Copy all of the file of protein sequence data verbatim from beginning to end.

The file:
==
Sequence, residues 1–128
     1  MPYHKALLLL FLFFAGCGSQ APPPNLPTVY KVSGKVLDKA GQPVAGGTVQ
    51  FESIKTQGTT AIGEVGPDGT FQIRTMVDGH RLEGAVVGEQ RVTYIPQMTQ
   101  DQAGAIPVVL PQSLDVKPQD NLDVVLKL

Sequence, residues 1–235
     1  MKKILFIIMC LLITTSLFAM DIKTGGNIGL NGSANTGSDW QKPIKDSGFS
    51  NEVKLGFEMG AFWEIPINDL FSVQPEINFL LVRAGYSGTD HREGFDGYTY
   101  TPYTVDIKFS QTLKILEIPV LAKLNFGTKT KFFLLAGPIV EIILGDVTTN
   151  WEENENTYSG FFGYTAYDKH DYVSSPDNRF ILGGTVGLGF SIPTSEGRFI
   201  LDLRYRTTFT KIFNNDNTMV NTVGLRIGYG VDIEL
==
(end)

Sequence, residues 1–128
     1  MPYHKALLLL FLFFAGCGSQ APPPNLPTVY KVSGKVLDKA GQPVAGGTVQ
    51  FESIKTQGTT AIGEVGPDGT FQIRTMVDGH RLEGAVVGEQ RVTYIPQMTQ
   101  DQAGAIPVVL PQSLDVKPQD NLDVVLKL

Sequence, residues 1–235
     1  MKKILFIIMC LLITTSLFAM DIKTGGNIGL NGSANTGSDW QKPIKDSGFS
    51  NEVKLGFEMG AFWEIPINDL FSVQPEINFL LVRAGYSGTD HREGFDGYTY
   101  TPYTVDIKFS QTLKILEIPV LAKLNFGTKT KFFLLAGPIV EIILGDVTTN
   151  WEENENTYSG FFGYTAYDKH DYVSSPDNRF ILGGTVGLGF SIPTSEGRFI
   201  LDLRYRTTFT KIFNNDNTMV NTVGLRIGYG VDIEL